Todd VanDerWerff: “Who Shaves The Barber?” strikes me as just a bit of a reboot of everything in the show. There’s nothing wrong with that—“Buridan’s Ass” moved a lot of pieces off the table—but there’s a definite sense of the show clearing its throat just a bit. What I’m finding so great about this season is how well structured it is, however, and that extends to this episode, which seems to know that we’re going to need a little breather in between the events of the last episode and whatever’s coming next. It feels like Noah Hawley consciously said, “Hey, we’re going to need an episode that will get a score in the B-range at The A.V. Club right here, so let’s do that.” I mean, I know he didn’t, but I’m just that self-absorbed.

So let me start at the end with Allison Tolman, or, as another TV critic said to me after we got done watching the episode, Allison FUCKING Tolman. That final scene in the snow outside the Brainerd police station is perhaps the actress’ finest moment yet, and I love the way the anguish on her face builds in tandem with the slowly growing sound design, until the volume of the soundtrack and the horrors she’s seen both abruptly slam into the credits. (One thing I love about this show is the long, long credits, which give it a much more movie-ish feel.) Tolman’s face is one of this show’s chief weapons, and I like how often the series’ directors—here, TV directing genius Scott Winant—use her face as a kind of safe harbor in the midst of a storm. I think that’s why everybody—myself included—overreacted a bit to the notion of her being dead. Without that safe harbor, where was this show even going to go?

Also, I can understand the reason for why some will be upset that Molly survived, but I think the show’s structure is so consciously based around mirroring Molly off Malvo (and Lester off Gus) that the show would ultimately fall apart if one of the central four were to abruptly exit the story before we’d come to the end. We’re all placing a bit of a bet on Noah Hawley ultimately coming down on the side of the angels here, if only because it seems like he’s made the forces of “bad” look so invincible that they’re just asking for a fall. It’s entirely possible that his worldview is cynical and misanthropic enough that we’ll watch the Triumph of the Malvo (to say nothing of the Lester) as the season draws to a close. I doubt it, but it’s possible.

But either ending that Hawley chooses would be vastly undercut by killing off one of the characters this early. The show’s structure so clearly needs everybody to be alive and bouncing off of each other that it would start to wobble on its axis without one of those characters around. I think that too often, we become obsessed with the idea of a character’s death indicating a story’s gutsiness or something, but what Hawley is building here is clearly much more about pushing Molly to a point where she feels broken, so she can start to pull herself together again and come to a point of ultimate victory. It’s storytelling 101, and that it’s balanced with what appears to be Lester’s ultimate moment of triumph and Gus’ ultimate moment of remorse is what makes it so effective.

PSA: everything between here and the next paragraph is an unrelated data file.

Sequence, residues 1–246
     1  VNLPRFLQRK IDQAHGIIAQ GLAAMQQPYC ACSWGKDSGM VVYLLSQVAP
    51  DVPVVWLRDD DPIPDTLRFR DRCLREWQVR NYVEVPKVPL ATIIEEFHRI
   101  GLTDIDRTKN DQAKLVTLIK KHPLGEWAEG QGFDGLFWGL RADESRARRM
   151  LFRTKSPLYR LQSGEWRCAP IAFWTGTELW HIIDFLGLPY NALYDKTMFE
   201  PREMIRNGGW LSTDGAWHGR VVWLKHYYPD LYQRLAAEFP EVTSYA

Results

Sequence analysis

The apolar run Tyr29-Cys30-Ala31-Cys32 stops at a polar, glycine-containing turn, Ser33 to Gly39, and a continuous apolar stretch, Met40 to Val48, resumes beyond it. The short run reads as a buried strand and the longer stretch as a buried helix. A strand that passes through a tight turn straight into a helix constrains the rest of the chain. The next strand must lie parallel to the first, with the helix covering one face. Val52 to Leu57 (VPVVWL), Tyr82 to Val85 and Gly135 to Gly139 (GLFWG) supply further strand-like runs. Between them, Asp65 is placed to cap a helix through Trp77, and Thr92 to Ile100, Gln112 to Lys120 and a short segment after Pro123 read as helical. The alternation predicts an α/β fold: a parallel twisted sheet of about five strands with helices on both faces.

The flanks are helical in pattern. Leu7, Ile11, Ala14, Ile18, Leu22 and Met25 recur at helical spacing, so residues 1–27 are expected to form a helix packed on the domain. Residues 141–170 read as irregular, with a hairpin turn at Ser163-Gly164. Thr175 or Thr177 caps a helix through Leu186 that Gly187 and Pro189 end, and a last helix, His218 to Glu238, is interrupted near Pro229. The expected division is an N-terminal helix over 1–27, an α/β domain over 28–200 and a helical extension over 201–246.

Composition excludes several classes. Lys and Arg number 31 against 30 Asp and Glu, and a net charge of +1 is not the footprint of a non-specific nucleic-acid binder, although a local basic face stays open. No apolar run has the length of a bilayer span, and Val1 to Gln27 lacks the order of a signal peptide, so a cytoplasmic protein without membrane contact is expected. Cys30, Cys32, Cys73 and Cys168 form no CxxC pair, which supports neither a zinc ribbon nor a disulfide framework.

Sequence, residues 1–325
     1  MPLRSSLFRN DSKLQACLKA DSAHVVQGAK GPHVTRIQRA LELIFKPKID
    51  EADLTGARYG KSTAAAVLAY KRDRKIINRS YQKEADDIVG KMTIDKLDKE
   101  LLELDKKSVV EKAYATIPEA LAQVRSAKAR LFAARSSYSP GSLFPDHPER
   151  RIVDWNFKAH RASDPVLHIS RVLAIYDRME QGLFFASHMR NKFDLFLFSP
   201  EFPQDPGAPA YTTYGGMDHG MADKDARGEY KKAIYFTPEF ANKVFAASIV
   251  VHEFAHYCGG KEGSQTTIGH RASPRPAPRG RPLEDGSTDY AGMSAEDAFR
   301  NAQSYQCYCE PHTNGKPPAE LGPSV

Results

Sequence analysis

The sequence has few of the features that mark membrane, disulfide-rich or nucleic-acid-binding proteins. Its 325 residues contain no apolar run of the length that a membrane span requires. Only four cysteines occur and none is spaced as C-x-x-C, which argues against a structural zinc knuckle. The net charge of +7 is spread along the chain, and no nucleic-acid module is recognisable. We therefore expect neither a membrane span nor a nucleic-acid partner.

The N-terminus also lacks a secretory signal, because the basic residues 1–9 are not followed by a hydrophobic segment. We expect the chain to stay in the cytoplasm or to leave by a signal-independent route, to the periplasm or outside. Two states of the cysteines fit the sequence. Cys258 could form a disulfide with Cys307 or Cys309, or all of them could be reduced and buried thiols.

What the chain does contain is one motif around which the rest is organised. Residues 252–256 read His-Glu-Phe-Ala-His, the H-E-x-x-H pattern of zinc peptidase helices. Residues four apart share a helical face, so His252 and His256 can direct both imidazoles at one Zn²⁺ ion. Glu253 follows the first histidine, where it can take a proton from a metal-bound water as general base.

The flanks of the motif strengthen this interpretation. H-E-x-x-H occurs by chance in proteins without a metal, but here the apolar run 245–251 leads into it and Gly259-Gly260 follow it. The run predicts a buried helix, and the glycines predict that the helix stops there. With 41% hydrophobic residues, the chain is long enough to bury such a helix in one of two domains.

Because good lord, I do not think I could hate Lester any more than I do now. We’ve compared him to Walter White a fair amount in these reviews, and there’s good reason for that: Here’s another guy who appears to be just a nice, normal fella, only to reveal a deep, abiding resentment and bitterness, emotions that he’s held in check but only barely. So much of Fargo is turning out to be about assumptions. Bill assumes Lester can’t be guilty because he knew him back in high school. People assume that Molly is wrong because they have certain innate assumptions about female police officers or even just who she is specifically. Malvo succeeds because he pokes through people’s assumptions about themselves and finds their weaknesses. But Lester’s growing attachment to his own festering bile is driven by the fact that so much of what he assumed about himself to be true just wasn’t. He wasn’t a very good person. He wasn’t a very good brother. He wasn’t a very good friend. And in attaching himself to that, he becomes a truer version of himself. The lies come more easily.

But we still have Molly. And we still have Malvo. And I think it’s intentional that this episode is the first time we see them come face to face, in the middle of a whiteout where they seem to be the only two people, and they each turn and stare at the other. Like looking in a mirror.

Zack: Lester’s “festering bile.” I like that. At one point in the episode, he tells someone “I’m the victim here,” and it sums up so much of what’s despicable about the little shit. Freeman has done a great job of augmenting his usual awkward straight-man routine with just enough smugness and self-pity that the character’s shift into a more proactive mode is both fascinating and deeply repulsive. His hook-up with the Widow Hess wasn’t as terrifying as his assault on his brother’s family last week, but it’s all of a same toxic piece. The most interesting difference between Lester and Walter White to me is that Walt’s rage at what he viewed as the waste of his life gave his successes a perverse, if uncomfortable, thrill; Lester is more like a cockroach that woke from uneasy dreams to realize he’d been transformed into a human being.